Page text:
Pascheke F, Hancock PE (2008) Wake development and interactions within an array of large wind turbines, European Wind Energy Conference and Exhibition 2008 6 pp. 3008-3016
This paper presents first test results from wind tunnel studies of mean and turbulent wake characteristics within an array of large wind turbines. Up to now, a single rotating speed controlled 1:300 scale model of a 5MW-rated machine with a rotor diameter of 126m and a hub height of 90m is tested in a realistic model off-shore atmospheric boundary layer. The blade design is based on blade-element theory for low Reynolds number blade aerodynamics to comply with modelling requirements. Preliminary tests in a low-turbulence flow at a tip speed ratio of TSR=6 yielded a thrust coefficient of CT=0.52 which is within 5% of the predicted value of the theoretical design case with a lift coefficient of C= 0.6 (but a larger blade chord to mimic a higher C). Velocity measurements in the modelled off-shore boundary layer at several downstream positions suggest a transition from near to far wake at a downstream distance of approximately 4 rotor diameters D. At a downstream distance of 10D turbulence intensities in the wake of the single model turbine are still approximately twice as large as in the undisturbed boundary layer. Along with the high turbulence levels a velocity deficit of about 25% is found. Time averaged flow fields and lateral profiles of the vertical velocity clearly illustrate the characteristic swirl generated by the blade rotation, which persists until about a downstream distance of 7D.
Hancock PE, McCluskey FM (1997) Spanwise-invariant three-dimensional separated flow, EXPERIMENTAL THERMAL AND FLUID SCIENCE 14 (1) pp. 25-34 ELSEVIER SCIENCE INC
Hancock PE, Johnson AE (1997) Close spacing of settling chamber screens, AERONAUTICAL JOURNAL 101 (1004) pp. 179-183 ROYAL AERONAUTICAL SOC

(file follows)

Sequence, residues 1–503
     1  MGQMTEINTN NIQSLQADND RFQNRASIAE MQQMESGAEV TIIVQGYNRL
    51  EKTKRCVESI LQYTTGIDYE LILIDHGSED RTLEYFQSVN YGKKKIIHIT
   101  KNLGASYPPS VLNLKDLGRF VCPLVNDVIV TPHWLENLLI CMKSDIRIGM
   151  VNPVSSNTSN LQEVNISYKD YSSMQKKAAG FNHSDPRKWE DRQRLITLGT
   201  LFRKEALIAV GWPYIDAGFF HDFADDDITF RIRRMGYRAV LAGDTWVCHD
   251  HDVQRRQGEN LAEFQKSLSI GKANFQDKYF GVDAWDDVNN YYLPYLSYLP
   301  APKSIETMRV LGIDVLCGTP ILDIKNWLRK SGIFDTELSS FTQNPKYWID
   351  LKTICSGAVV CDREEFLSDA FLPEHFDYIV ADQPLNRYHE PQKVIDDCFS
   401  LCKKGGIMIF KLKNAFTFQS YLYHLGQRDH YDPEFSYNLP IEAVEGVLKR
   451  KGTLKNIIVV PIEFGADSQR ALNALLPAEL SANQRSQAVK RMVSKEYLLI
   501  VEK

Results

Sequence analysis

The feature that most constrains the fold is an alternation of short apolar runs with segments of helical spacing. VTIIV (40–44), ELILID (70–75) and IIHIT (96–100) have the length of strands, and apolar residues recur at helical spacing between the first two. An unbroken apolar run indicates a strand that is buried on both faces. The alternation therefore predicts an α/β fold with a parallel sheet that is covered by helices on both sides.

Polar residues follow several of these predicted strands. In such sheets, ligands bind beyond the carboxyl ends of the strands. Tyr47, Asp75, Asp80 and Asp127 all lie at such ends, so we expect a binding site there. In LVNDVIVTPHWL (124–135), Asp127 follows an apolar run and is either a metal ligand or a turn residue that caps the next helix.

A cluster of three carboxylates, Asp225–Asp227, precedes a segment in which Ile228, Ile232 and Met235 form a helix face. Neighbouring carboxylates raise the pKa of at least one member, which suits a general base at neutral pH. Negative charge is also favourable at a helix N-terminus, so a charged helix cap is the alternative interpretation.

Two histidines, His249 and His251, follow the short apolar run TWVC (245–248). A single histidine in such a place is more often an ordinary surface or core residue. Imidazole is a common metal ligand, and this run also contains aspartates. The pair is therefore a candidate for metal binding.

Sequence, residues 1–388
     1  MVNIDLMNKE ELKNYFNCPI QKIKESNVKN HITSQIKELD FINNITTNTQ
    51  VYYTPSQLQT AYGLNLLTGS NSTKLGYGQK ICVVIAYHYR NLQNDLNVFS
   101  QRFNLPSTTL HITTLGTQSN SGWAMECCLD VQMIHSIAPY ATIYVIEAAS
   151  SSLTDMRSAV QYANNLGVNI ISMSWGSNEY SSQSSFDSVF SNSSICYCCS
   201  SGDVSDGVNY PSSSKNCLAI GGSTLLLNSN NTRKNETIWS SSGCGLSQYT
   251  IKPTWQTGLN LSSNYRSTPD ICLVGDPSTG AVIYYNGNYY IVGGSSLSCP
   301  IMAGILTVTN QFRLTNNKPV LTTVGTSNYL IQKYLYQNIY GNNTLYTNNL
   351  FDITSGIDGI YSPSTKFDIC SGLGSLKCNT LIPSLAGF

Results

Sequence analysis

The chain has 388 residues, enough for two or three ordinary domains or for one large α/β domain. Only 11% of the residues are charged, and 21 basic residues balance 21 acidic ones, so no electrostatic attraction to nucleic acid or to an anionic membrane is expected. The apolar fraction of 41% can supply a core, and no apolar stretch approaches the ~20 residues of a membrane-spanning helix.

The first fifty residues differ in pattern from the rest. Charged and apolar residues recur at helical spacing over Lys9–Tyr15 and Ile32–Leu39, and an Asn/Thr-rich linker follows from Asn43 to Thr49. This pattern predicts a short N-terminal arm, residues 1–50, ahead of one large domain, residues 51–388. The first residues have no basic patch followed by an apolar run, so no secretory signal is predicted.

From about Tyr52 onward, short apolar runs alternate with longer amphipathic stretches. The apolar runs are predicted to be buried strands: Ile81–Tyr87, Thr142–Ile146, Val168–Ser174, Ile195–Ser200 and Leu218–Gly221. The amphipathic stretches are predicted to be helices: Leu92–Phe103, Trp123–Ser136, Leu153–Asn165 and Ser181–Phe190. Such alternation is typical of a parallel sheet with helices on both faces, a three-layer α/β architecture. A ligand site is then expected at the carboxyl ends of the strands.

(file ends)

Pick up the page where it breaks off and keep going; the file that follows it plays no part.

Hancock PE (2005) Velocity scales in the near-wall layer beneath reattaching turbulent separated and boundary layer flows, EUROPEAN JOURNAL OF MECHANICS B-FLUIDS 24 (4) pp. 425-438 GAUTHIER-VILLARS/EDITIONS ELSEVIER
Hancock PE, Hayden P, Zhang S (2013) A Wind-Tunnel Artificially-Thickened Simulated Weakly Unstable Atmospheric Boundary Layer, Boundary-Layer Meteorology pp. 1-26
A wind-tunnel simulation of an atmospheric boundary layer, artificially thickened as is often used in neutral flow wind-loading studies, has been investigated for weakly unstable stratification, including the effect of an overlying inversion. Rather than using a uniform inlet temperature profile, the inlet profile was adjusted iteratively by using measured downstream profiles. It was found that three cycles are sufficient for there to be no significant further change in profiles of temperature and other quantities. Development to nearly horizontally-homogeneous flow took a longer distance than in the neutral case because the simulated layer was deeper and therefore the length scales larger. Comparisons show first-order and second-order moments quantities are substantially larger than given by 'standard forms' in the mixed layer but are close in the surface layer. Modified functions, obtained by matching one to the other, are suggested that amount to an interpolation in the mixed layer between the strongly unstable and the weakly unstable cases. © 2013 Springer Science+Business Media Dordrecht.